Close-up illusionist Ricky Jay has been mesmerizing audiences since he was old enough to grip a magic wand. At seven years of age, the “Youngest Magician in the World” – tails and all – conjured his way onto a television show, doing an extended segment in which he transformed a rabbit (actually a hamster) into a dove.
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That’s just one of many film clips and stories woven into “Deceptive Practice: The Mysteries & Mentors of Ricky Jay,” Molly Bernstein and Alan Edelstein’s documentary about one of the greatest close-up card manipulators to ever to shuffle a deck of cards – and then deal four aces off the top. Listening to Jay talk about working on his technique – 16,000 shuffles worth in one night – it’s clear that magic is 99% preparation.
Jay never went in for dismembering and reassembling scantily-clad assistants. Nor was he big on making airplanes and monumental statues disappear. Shel Silverstein, however, wrote a poem in his honor: “The Game in the Windowless Room.”
See trailer for “Deceptive Practice: The Mysteries & Mentors of Ricky Jay” HERE.
Narrated by Dick Cavett, the film opens with Jay showing off his hypnotic dexterity by effortlessly fanning 52 cards, as if they were an extension of his hands and fingers. He can gently toss one card after another high into the air so that they boomerang back to him, or just as easily fire off a Jack of Spades at 90 mph – fast enough to penetrate the thick outer skin of a watermelon. One suspects Jay could’ve developed a major league knuckleball if he’d been so inclined.
A slew of magicians with Italianized stage names, all the rage a century ago, worked with the aspiring 14 year-old magician to learn the ropes – and cards. Among them: Cardini (Richard Valentine Pitchford), Slydini (Quintino Marucci, who actually was Italian) and Max Malini (Max Katz-Breit), a magician who performed with Houdini (Erik Weisz).
One of the funniest segments in the movie shows sleight-of-hand master Dai Vernon, one of Jay’s most significant mentors, recounting to Ricky and a television audience a preposterously goofy trick by Malini involving a hypnotized chicken. It’s the only illusion in the film explained all the way through. While it all sounds staggeringly implausible, Vernon makes it somehow seem somehow believable.
Usually, telling the audience how it’s done ruins the illusion. Not so in this case. For those who may attempt to try this at home, look for a chicken that is (1) Alive. (2) Healthy, and for best results (3) Pick a highly suggestible chicken.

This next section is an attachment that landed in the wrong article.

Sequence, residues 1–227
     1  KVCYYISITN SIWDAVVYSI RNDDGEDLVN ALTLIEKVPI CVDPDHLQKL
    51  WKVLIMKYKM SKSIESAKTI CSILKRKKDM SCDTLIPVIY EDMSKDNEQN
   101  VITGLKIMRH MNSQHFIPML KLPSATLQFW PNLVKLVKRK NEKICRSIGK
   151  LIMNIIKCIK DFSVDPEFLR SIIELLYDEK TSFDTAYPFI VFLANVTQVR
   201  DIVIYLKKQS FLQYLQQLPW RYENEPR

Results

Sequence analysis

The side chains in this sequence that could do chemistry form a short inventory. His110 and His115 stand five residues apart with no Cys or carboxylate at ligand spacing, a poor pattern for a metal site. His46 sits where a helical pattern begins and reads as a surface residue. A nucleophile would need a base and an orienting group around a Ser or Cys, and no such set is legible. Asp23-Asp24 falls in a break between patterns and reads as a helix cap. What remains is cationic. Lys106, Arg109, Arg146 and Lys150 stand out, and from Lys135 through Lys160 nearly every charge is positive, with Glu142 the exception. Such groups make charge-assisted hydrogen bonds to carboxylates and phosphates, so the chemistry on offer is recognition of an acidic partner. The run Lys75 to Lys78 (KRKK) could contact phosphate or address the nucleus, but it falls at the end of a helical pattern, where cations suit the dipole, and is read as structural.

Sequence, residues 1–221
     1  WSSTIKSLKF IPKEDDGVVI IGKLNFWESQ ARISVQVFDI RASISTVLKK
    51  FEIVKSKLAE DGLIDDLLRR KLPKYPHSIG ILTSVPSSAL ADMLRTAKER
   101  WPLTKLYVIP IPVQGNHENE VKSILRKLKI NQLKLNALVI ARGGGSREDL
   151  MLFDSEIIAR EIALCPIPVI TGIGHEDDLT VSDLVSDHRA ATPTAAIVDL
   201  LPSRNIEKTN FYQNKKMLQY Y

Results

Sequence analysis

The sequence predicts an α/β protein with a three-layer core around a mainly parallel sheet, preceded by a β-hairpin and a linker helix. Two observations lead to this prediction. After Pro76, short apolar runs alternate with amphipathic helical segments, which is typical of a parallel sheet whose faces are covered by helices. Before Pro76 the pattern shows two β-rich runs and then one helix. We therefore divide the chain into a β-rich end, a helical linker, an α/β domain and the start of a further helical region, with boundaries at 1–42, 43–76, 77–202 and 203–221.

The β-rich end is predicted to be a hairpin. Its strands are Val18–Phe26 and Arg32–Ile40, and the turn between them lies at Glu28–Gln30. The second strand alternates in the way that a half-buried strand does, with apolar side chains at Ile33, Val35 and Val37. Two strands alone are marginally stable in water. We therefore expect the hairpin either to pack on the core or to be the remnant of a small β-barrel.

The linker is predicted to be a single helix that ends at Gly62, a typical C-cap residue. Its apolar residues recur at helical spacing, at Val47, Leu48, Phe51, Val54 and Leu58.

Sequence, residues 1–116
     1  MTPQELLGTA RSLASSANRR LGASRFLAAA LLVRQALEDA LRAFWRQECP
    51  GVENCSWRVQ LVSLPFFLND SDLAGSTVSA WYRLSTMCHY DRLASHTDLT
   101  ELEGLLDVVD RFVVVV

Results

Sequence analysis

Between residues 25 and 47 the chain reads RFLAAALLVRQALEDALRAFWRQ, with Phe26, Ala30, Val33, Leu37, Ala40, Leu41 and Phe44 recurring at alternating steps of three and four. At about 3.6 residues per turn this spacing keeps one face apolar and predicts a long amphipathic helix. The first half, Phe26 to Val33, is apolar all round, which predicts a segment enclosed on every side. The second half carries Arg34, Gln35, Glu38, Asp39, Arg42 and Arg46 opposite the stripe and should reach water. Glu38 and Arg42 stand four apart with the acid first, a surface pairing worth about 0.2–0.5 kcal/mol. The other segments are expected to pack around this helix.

One of Jay’s first jobs was at the Electric Circus in New York, where he appeared on the same bill as Timothy Leary and Ike & Tina Turner. Other clips show Jay sporting a gold-miner’s beard and Gregg Allman-length hair, appearing on Don Kirshner’s Rock Concert the same year as the Sex Pistols.
Jay flourished on the ‘70s talk-show circuit, appearing on Johnny Carson, Merv Griffin and Michael Douglas. There’s a must-see clip from the Dinah Shore Show where he successfully performs his version of three-card Monte, in spite of an “assist” by Steve Martin.
A film career would follow. Paul Thomass Anderson cast him in “Magnolia” (1999) and as a porn movie cinematographer in “Boogie Nights” (1997). Jay’s real-life company, Deceptive Practices (tagline: “Arcane Knowledge on a Need to Know Basis”), has consulted on over a score of films, including “The Illusionist” (2006), “Oceans 13” (2007), “Heist” (2001) and “Homicide” (1991).
David Mamet, who also appears in “Deceptive Practices,” cast Jay in “House of Games” (1987) and “The Spanish Prisoner” (1997). Not surprisingly, both movies were about the world of confidence people – that is, magicians who crossed over to the dark side. Jay’s shows have been known to draw some unsavory acquaintances – “big card hustlers,” according to his manager.
Talented prestidigitators can go in two directions – artists or con artists – but one habit these wizards share is obsessive dedication to their trade. “Deceptive Practice” suggests cheating suckers out of their money is simply a more dangerous, less consensual form of putting on a magic show, where everybody pays for the thrill of being conned. Getting booed for fouling up a magic trick on stage is bad enough, but being exposed during a con game can end with a stiff prison sentence – or shallow grave out in the desert.
However Jay handled that fork in the road, he reportedly always sits with his back to the wall when dining in public.
According to the wise guys of magic, the best tricks are the ones that can be produced impromptu, like the time Jay was showering at a martial arts dojo and asked to do one of his famous tricks on the spot. This was a performance more than simply “off the cuff” – he was stark naked. Without notice, he was handed two $1 bills and asked to transform them into a $2 bill.
Guardian journalist Suzie Mackenzie recounts another story about following Jay around for a story. They ended up at a restaurant. With no apparent chance to prepare and never moving from the table, Jay performed a trick using a woman’s hat, a silver dollar, and the unexpected appearance of an enormous block of ice. From behind a menu, Jay somehow materialized the ice out of thin air. Mackenzie was moved to tears.
Her tears could have just as easily flowed over of amazement at what she just experienced, or the reality that Jay’s magical world is slowly slipping away – as much from the fashionably cynical debasement of wonder as from the prying Internet – where secrets are now quaint artifacts of a bygone age.
See playdates and locations for “Deceptive Practice: The Mysteries & Mentors of Ricky Jay” HERE.
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